Florida State coach Bobby Bowden spoke to the media via teleconference Friday afternoon. He spoke about the Seminoles' victory against N.C. State and the upcoming game against Virginia Tech. Here is a transcript of that conversation.
Q: Now that you've had a little time to look back on it, what did you think of your team's performance Thursday?
A: You know, I got the feeling that we finally won a game that we had been losing – that is on the road, favored, tight ballgame, behind in the fourth quarter, and came back and won. I've always felt like the success to having good years is to win the close games. And if you look at our record the last three, four, five years we have not done that. We've lost so many close games. You know, when you play a whole season and you got blown out one time, and the rest of the games are within three to seven points, those are close games that you lost. So, we finally won one like that. Maybe that's a good sign.
Q: Looking forward to next week, you've got Virginia Tech. What kind of issues do they present?
A: I think you'd have to say that Virginia Tech has been in the top echelon for the last 10, 15, 20 years. So I think it will give us another [chance] to see, are we climbing back? Because I do think they are a step up.
Q: Before the season, there was talk that the attitudes were better and that there was better camaraderie on this year's team. But you said you had heard that every year, and you wanted these guys to show it on the field. Are you seeing that?
A: Well, we're only halfway through [the season]. And the whole picture could change in six more ballgames. But you would say that so far, so good.
Q: You've talked before about certain teams just having another team's number. With the exception of last year, you have historically done well against Virginia Tech. Is there something to that? Can one team have another team's number?
A: I found that true down through the years. Now that doesn't last forever – that's the one thing about it. They broke the string on us last year. Now does that mean they're fixing to start a string on us? I don't know. But as I look down through my career and the years that I have been coaching, there's some teams that you played that you couldn't beat. I never could beat Penn State when I was at West Virginia. We went years without beating Miami. We went years without beating Florida. And then you finally break the ice. We had a long run against Virginia Tech – there's no doubt about that. But last year, they broke that. Now you're trying to start something new.
Q: Aside from talent level, is there something that contributes to having a good streak, or having a not-so-good streak, against a certain team?
A: I think the big thing is talent level. Maybe you're just superior to them for eight or nine years. It's not like you're inferior and beat them in a streak. So I think probably it's having better material at the time. I know that when I was at West Virginia, we played Penn State every year. I was the head coach almost six years, but West Virginia had lost to them for 25 years in a row. But you look at it over the years, Penn State had much, much better material.
Q: Does it become psychological? Especially if you get behind in a game against that team?
A: Oh yeah, I think that can happen. I think if you win enough times, it does become psychological. And the coach has to keep preaching that week that you've got to believe that you're going to win.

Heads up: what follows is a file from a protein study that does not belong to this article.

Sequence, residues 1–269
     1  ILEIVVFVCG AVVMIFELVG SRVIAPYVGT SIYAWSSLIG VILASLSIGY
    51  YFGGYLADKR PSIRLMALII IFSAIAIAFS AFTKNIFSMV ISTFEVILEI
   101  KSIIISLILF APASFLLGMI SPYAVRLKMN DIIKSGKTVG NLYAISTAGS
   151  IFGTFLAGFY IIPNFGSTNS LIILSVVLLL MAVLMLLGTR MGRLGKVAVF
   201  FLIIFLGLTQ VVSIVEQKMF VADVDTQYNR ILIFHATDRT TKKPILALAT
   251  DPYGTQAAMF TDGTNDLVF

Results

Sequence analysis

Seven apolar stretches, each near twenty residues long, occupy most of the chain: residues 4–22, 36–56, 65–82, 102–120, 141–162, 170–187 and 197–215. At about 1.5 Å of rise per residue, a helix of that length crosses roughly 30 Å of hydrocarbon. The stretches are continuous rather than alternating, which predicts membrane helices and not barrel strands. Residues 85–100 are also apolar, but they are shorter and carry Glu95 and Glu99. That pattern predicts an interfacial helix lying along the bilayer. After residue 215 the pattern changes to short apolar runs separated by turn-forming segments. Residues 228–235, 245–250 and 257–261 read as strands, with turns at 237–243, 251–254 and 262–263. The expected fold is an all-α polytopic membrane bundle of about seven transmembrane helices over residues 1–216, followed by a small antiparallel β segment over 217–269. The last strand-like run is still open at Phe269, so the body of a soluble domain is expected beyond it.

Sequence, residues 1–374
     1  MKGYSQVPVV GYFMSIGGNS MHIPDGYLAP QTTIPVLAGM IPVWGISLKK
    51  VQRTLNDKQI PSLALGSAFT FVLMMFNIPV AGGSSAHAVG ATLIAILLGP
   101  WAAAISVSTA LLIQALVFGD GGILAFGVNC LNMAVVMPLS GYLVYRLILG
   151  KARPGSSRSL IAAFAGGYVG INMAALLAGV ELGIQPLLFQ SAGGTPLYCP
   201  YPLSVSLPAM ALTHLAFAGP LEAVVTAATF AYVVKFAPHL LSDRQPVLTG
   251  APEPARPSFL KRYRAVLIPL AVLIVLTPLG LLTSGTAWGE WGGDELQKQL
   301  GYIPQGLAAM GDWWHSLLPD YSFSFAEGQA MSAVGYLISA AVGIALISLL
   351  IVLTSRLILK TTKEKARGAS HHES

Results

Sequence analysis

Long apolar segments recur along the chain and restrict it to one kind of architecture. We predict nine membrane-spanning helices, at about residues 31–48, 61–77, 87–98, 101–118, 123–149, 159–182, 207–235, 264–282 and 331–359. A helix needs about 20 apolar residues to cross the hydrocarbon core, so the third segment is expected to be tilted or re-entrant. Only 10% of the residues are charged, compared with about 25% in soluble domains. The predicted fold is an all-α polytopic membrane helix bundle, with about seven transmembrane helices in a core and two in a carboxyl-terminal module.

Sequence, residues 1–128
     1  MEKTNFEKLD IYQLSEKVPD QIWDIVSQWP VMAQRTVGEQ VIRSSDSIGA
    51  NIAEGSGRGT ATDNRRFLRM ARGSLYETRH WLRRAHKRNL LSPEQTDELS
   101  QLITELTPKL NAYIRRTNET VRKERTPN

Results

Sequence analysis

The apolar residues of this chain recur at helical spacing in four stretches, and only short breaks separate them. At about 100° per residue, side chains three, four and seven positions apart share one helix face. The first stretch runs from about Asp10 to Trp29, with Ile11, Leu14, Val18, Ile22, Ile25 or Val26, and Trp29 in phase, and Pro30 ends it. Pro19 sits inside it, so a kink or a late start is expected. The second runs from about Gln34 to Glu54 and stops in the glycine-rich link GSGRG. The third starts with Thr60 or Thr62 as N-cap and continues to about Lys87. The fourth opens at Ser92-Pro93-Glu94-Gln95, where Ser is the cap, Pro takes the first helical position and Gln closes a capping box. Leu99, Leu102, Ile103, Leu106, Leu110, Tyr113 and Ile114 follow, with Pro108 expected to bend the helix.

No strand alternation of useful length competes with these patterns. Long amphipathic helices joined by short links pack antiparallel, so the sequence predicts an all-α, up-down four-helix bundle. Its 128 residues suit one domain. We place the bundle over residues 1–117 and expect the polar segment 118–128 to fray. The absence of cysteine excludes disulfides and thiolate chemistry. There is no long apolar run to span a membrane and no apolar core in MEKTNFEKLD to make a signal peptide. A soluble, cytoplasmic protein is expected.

Q: You mentioned that this was a game that Florida State might not have won in some recent years. It seemed particularly impressive that your team was able to come back again strong after N.C. State took the lead in the fourth quarter. Did that impress you?
A: Oh yeah. Do you remember the last time we were up there? We had a 10-point lead. We had a 20-10 lead in the fourth quarter, and they came back and scored twice. Then we got the ball back and couldn't do it.
Q: Can you talk about Graham Gano. Over the last couple years, you guys have given him chances to compete for the place-kicking job, but he never could take it. And now that he has got the job, he really has taken off.
A: That's amazing. It's amazing. Here's a guy that's been hurt. Hasn't been able to practice. Has practiced bit by bit. Can't even kick off because he can't strain his leg that much. But here he is just kicking the heck out of it. We've been through years where we've had good percentages, and that same guy would break down. Since he started kicking for us again, we couldn't ask for better.
Q: Though you said you were happy that your team finally won a close game on the road, you also said that it doesn't necessarily mean anything for the future. But doesn't it mean something positive though?
A: Yeah, it means something for the time being. It means something for right now. Yeah, you did it. Now does that mean you can count on it for the rest of the year? No, you can't. You've got to go out there and do it. But at least it's a good sign.
Q: Can you talk about the way the offensive line bounced back. Early on, they were having all kinds of trouble.
A: The thing that can really be deceptive is penalties. We had five holding penalties the first half. That means that we're sitting there facing first-and-17 or second-and-20 and stuff like that, and we overcame that a couple of times. But buddy, you can't make a living going out there with a holding penalty and overcome it. It caught them later on too. We were moving the dog-gone ball pretty good. But if it's third down and 20, and you make 18, that's not enough. You look at that scoreboard, and you're not getting anything up there. You might be moving the ball, but those penalties are nullifying it. We went through that [against] Wake Forest. That's what that game reminded me of – Wake Forest. We'd have a first-and-20 on our own 10. My goodness … so anyway, we got over that in the second half.
Q: The thing that jumped out was the number of long, time-consuming drives that you had. There were 10 plays, 11 plays, one of them was 18 plays. What does that say about this offense?
A: It's what we call execution. That's one of your goals every time you play. I hope we can execute tonight. I hope we can execute. If you can execute, you've got first and 10, and you can get five or more [yards] on first down, that's execution. If it's third and 3 and you get it, that's execution. … So I think those long drives say, "Hey, you're executing." You're not fumbling the football. You're not getting penalties. You're not throwing interceptions. You're not jumping offsides. You're not missing assignments. That's execution. The amazing thing, even against Miami, we had three or four drives for touchdowns over 75 yards. Usually when teams are playing and they're both pretty equal, it's amazing if you get one touchdown drive that far. Usually you get a touchdown because the other team fumbles on the 50 and you only have to go 50 for it. To get that many, we did it, so that's a good sign. Last night, I don't know how many we had like that. But that 18-play drive, and also making that clock run out, was big too. Number one, not only did you eat up five or six minutes, but you ended up with a field goal.